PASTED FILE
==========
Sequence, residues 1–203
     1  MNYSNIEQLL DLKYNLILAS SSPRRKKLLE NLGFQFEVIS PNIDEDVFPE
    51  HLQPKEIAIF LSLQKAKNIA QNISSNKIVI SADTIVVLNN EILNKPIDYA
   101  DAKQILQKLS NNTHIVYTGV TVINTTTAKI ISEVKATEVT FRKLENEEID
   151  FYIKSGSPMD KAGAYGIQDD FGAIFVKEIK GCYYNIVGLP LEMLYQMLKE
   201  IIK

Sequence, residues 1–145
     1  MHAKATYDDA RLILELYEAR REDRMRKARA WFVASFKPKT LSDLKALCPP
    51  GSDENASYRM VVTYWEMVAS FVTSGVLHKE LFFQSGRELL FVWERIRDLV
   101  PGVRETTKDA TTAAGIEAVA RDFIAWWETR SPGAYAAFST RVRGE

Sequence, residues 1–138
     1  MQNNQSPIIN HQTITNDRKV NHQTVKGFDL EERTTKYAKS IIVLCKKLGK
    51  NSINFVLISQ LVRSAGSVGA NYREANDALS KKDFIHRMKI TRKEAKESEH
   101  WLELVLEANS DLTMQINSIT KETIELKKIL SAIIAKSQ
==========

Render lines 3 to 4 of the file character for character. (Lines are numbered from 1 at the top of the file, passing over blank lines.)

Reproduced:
    51  HLQPKEIAIF LSLQKAKNIA QNISSNKIVI SADTIVVLNN EILNKPIDYA
   101  DAKQILQKLS NNTHIVYTGV TVINTTTAKI ISEVKATEVT FRKLENEEID